Bed & Breakfast
We offer a cosy single room overlooking the old parade ground in this quirky, former coastguard cottage with a shared bathroom and use of kitchen and garden.
The accommodation is situated at the start of the Viking Way beside the wild and evocative estuary coastline with a magnificent view of the Humber Bridge and right beside a nature reserve.
The small market town of Barton boasts heritage trails, a Victorian school museum and a wide range of historic buildings and independent shops. It is an ideal location to explore both Lincolnshire and Yorkshire. Normanby Hall, Thornton Abbey and the beautiful chalk uplands of the Wolds are within 10 miles whilst across the toll bridge lies The Deep undersea experience in Hull (6 miles). Cleethorpes for seaside fun is 20 miles and the cities of Lincoln and York are both within 40 miles.
Golf, fishing and sailing are available locally. Shops pubs and restaurants are within a ¼ mile. including the Viking Cafe housed in the former boathouse opposite, Waters Edge Visitor Centre & Cafe, The Old Tile Works Cafe and The Sloop Inn (with good food) around the corner. The Ropehouse Arts Centre is just next to the boatyard and offers exhibitions, films, comedy, live music and workshops throughout the year at very reasonable prices.
HISTORY OF THE COASTGUARD STATION
Barton upon Humber was a very busy port in the 1800s, in fact, it was the largest port on the River Humber. This made it an obvious choice for the coastguard station which was to be the main R.N. Coastguard station for the River Humber. It controlled not only all the coastguards in the villages from South Ferriby to the North Sea on the south bank of the river but also those on the north bank.
The station was manned by 6 men and an officer in 1851 though this rose to 8 men later. In 1851 the coastguards all lived in Barton but not necessarily near the river as Barton had spread quite a way inland. In 1862 eight houses were built down at the "point" near to the river which was called Humber Terrace.
The station did of course have boats. They had two boats, the largest being a whaler type which needed several men to operate, and the smaller a skiff or rowing boat. These were housed in a disused stable at the rear of the Old Waterside Inn. This caused the men problems since when the boats were required they had to haul them over Waterside Road and then into the Haven ( the tall embankment had not been constructed at this time ) before they could ever set sail.
In 1821 the Steam Packet company who ran the ferry across the Humber to North Ferriby and Hull built a jetty and a slipway down at the end of Waterside Road. When this ferry stopped running in the 1880s the land became available and was purchased by the coastguard service to build a boathouse. This also allowed them to use the slipway alongside the jetty to launch their boats no matter what was the state of the tide.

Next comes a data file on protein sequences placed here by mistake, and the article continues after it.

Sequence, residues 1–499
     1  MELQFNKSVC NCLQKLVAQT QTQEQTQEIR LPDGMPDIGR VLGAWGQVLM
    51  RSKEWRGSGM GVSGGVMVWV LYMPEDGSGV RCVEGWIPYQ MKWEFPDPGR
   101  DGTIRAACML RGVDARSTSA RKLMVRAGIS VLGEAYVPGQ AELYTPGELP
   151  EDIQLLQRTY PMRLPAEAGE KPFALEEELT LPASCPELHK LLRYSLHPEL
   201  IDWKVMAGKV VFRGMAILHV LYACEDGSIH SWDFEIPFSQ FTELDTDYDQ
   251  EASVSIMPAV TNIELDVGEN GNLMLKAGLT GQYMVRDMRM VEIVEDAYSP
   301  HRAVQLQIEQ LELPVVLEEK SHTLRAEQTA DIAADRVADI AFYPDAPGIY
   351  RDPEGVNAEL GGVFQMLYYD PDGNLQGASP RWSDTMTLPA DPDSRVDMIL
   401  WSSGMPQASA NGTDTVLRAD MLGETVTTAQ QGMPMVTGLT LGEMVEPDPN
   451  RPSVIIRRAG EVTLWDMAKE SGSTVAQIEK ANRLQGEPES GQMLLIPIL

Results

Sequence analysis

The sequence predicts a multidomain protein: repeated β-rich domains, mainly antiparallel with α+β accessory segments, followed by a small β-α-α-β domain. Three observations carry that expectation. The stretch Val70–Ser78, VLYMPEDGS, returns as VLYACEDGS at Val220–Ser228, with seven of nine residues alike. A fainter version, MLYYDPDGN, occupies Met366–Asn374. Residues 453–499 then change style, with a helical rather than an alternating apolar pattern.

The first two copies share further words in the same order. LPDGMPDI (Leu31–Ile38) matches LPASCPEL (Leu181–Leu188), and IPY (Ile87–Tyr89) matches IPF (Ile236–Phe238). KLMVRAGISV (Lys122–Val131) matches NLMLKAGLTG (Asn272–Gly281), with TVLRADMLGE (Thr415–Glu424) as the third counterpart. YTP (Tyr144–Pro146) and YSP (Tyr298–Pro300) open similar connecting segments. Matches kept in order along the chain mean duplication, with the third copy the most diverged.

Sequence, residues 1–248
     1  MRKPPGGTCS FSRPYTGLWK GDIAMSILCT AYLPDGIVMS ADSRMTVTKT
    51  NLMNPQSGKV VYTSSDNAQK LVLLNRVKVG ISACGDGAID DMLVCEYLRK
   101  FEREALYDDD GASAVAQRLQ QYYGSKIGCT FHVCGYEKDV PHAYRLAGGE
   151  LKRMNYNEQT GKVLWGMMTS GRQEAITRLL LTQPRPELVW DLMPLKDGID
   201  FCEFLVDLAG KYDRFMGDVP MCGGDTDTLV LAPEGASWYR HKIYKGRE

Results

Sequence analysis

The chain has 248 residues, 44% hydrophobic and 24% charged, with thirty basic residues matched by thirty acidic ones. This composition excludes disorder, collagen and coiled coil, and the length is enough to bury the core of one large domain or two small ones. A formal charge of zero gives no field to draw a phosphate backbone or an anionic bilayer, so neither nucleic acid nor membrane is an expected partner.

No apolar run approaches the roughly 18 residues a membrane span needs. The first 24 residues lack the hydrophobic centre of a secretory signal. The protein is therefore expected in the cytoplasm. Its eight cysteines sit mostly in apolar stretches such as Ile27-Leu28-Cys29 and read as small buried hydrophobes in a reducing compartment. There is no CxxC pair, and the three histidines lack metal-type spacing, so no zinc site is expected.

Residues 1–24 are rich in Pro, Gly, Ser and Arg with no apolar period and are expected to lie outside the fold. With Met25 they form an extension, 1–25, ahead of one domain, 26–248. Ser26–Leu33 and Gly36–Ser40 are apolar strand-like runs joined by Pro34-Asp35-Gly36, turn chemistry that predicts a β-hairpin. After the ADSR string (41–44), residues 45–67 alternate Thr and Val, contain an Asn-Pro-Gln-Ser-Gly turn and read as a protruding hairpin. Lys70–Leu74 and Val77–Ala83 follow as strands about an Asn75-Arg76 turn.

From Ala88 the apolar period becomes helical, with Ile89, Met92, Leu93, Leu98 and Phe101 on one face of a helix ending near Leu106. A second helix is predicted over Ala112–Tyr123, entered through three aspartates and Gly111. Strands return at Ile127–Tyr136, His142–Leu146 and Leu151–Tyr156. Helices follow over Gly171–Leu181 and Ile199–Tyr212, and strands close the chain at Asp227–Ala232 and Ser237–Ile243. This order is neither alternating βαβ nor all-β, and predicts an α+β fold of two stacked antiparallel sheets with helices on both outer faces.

The boathouse was finished in 1880 and was opened by the Duke of Edinburgh, which once again shows the importance of Barton at that time. The building doubled as a boathouse and a lookout point from the room above which was reached by stone steps outside the building. Outside the boathouse to the west was erected a mast on which they raised flags to communicate with the coastguard station at Hessle.
By the number of men involved, it can be seen that the duties of the coastguards were quite varied. The day to day duties included marking, with buoys the channels in the Humber, conservation and collecting the harbour duties from the vessels. The more dramatic activities were the rescue of people from wrecks in the river which was not too uncommon and the capturing of smugglers which was even more common.
As Hull became a larger port it was inevitable that the station at Barton would soon become redundant and in 1924 it finally closed.
THINGS TO DO
Far Ings National Nature Reserve
The reserve comprises the open water of Ness Lake, large areas of reed bed, grassland, hedgerow and scrub.
Historic Buildings & Museums
The area has a wealth of historic buildings and heritage attractions from St. Peter’s Church to the fascinating Wilderspin National School Museum and The Ropewalk Arts Centre & Museum.
Food & Drink
Restaurants, cafés, pubs and delis for all tastes are available in the town. Nearby, the Old Boathouse and Sloop Inn serve food and drink.
Barton upon Humber has a leisure centre and swimming pool, football pitches, cricket pitch, two bowling greens, a dance school, cycling club and a sailing club.
The area boasts pipits, finches, swallows, martins, swifts, larks, starlings, redshank, wigeon, black-tailed godwit, skeins of pink-footed geese, bitterns, teal, waders and wildfowl.
The Viking Way
The Viking Way is a long-distance trail in England running 147 miles between the Humber Bridge and Oakham in Rutland.
“I'm a testimonial. Click to edit me and add text that says something nice about you and your services.”